An annual report of the United States Commission on International Religious Freedom for the year 2007 has recommended that the Vietnam be reinstated in the Countries of Particular Concern. See below for selected statements from the 2007 report in regards to recent religious prosecution of Khmer Krom Buddhist monks from Khleang (renamed Soc Trang) and the recommendations by the USCIRF to the US government. As stated by the 2007 Annual report: Since Vietnam was named a “country of particular concern” (CPC) in 2004, Vietnam and the United States have engaged diplomatically to address a number of religious freedom concerns. In the process, conditions for many religious communities have improved in some respects, as Vietnam has expanded the zone of permissible religious activity and issued new administrative ordinances and decrees that outlined registration procedures and outlawed forced renunciations of faith. In addition, Vietnam has also granted early release to specific prisoners whose cases were presented by the United States. These advances were cited by the State Department in November 2006 when it lifted the CPC designation. The Commission has noted this progress in Vietnam, but has concluded that these improvements were insufficient to warrant lifting the CPC designation. This conclusion was reached because it was too soon to determine if legal protections would be permanent and whether such progress would last beyond Vietnam’s accession to the World Trade Organization. In addition, the Commission’s view was that lifting the CPC designation potentially removed a positive diplomatic tool that had proved to be an effective incentive to bilateral engagement on religious freedom and related human rights. In the last year, there have been arrests and short-term detentions of individuals because of their religious activity. There were also reports of individuals threatened unless they renounced their religious affiliations, and new legal regulations were used, in some cases, to restrict religious freedom. Targeted in particular were religious leaders and individuals associated with ethnic minority Protestants, Hoa Hao Buddhists, Vietnamese Mennonites, Khmer Krom Buddhists, and monks and nuns of the government-banned Unified Buddhist Church of Vietnam (UBCV). In addition, since it joined the World Trade Organization (WTO), the government of Vietnam has initiated a crackdown on human rights defenders and advocates for the freedoms of speech, association, and assembly, including many religious leaders who previously were the leading advocates for religious freedom in Vietnam. Given the recent deterioration of human rights conditions in Vietnam and because of continued abuses of and restrictions on religious freedom, the Commission recommends that Vietnam be re-designated as a CPC in 2007. The Vietnamese government continues to remain suspicious of ethnic minority religious groups, such as Montagnard and Hmong Protestants and Khmer Buddhists; those who seek to establish independent religious organizations, such as the UBCV, Hao Hoa, and Cao Dai; and those it considers to pose a threat to national solidarity or security, such as “Dega” Protestants and individual Mennonite, Catholic, Buddhist, and house church Protestant leaders. In addition, Vietnam’s new ordinances and decrees on religion continue to require that religious groups seek advance permission for most religious activity and ban any religious activity deemed to cause public disorder or “sow divisions.” In some cases, the new laws are being used to restrict, rather than promote, religious freedom. Buddhists throughout Vietnam have become increasingly vocal about past and current religious freedom abuses. Since 2003, local Buddhists in Bac Gian province issued multiple petitions to protest the arrest and torture of eight Buddhists, including the beating death of monk Thich Duc Chinh. In July 2006, an appeals court ordered the temporary release of the eight citing the “lack of evidence” against them. Nonetheless, 50 monks and nuns from the government-recognized VBS demonstrated for their complete acquittal and to demand that those responsible for the monk’s death be held accountable. In Soc Triang province, there are also multiple reports of large scale demonstrations against the defrocking and arrest of several ethnic Khmer Buddhist monks. The monks who were arrested reportedly conducted their own peaceful protest over longstanding restrictions placed on the religious, cultural, and language traditions of the Khmer ethnic minority. In response, police have expanded arrests, harassment, and restrictions on Khmer Buddhist religious activity. As Theravada Buddhists, the Khmer have distinct ethnic and religious traditions from the dominant Mahayana tradition of the VBS. Some Khmer Buddhists have called for a separate religious organization from the VBS. The situation of the Khmer Buddhist will require additional monitoring, as information from that remote region is difficult to confirm. Commissioners and staff have traveled to Vietnam and met with Vietnamese government officials and religious leaders. In addition, the Commission has met with officials in the U.S. government, Members of Congress, the Acting UN High Commissioner for Refugees (UNHCR), and congressional staff about current U.S. policy toward Vietnam and the Commission’s policy recommendations. In March 2006, Commission Vice Chair Michael Cromartie testified before the House International Relations Subcommittee on Africa, Human Rights and International Organizations at a hearing entitled “Vietnam: The Human Rights Dialogue with Vietnam: Is Vietnam Making Significant Progress?” In June 2005, Commission Vice Chair Nina Shea testified before the House International Relations Committee hearing entitled “Human Rights in Vietnam.” Shea discussed Vietnam’s record on religious freedom and related human rights, the provisions of the May 2005 agreement on religious freedom, as well as the Commission’s recommendations for U.S. policy. In July 2005, then-Commission Chair Cromartie testified at a joint Congressional Caucus on Vietnam and Congressional Human Rights Caucus hearing on Vietnam entitled, “The Ongoing Religious Freedom Violations in Vietnam.” In addition to its recommendation that Vietnam continue to be named a CPC, the Commission recommended that the U.S. government should:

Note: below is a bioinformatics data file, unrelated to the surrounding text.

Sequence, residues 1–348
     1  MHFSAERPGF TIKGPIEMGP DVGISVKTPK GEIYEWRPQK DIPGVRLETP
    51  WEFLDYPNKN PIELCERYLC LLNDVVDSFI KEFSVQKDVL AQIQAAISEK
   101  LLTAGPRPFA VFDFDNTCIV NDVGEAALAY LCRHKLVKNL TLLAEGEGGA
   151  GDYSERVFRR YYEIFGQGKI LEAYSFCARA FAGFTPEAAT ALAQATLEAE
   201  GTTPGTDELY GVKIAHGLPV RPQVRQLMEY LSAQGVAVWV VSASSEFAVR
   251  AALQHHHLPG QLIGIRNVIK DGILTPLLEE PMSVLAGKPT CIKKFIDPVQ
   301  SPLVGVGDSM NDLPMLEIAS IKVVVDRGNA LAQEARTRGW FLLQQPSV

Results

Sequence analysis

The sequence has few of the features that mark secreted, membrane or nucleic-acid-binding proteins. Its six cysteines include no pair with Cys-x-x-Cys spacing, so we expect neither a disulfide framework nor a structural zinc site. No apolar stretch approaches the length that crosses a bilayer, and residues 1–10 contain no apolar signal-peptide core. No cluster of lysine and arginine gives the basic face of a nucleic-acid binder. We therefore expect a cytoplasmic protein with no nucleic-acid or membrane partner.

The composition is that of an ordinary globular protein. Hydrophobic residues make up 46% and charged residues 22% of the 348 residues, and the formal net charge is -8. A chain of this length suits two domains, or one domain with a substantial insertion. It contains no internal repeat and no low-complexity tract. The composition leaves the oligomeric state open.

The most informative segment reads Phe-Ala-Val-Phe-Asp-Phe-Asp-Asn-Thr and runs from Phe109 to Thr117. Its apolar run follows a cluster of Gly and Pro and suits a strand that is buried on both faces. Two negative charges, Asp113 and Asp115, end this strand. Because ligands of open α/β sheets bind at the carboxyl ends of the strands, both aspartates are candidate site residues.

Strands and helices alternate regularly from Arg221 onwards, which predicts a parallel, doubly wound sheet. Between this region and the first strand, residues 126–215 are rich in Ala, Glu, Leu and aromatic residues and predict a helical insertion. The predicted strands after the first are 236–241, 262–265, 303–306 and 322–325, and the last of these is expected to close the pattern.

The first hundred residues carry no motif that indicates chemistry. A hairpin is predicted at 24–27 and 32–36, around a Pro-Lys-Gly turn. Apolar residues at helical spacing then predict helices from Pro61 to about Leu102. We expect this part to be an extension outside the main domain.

- Re-allocate foreign assistance funds that formerly supported the STAR (Support for Trade Acceleration Program) to new projects in human rights training, civil society capacity building, non-commercial rule of law programs in Vietnam, education programs for minors and young adults, and exchange programs between the Vietnamese National Assembly and 162 the U.S. Congress. The Commission suggests the funds go to the creation of the Promoting Equal Rights and the Rule of Law (PEARL) program.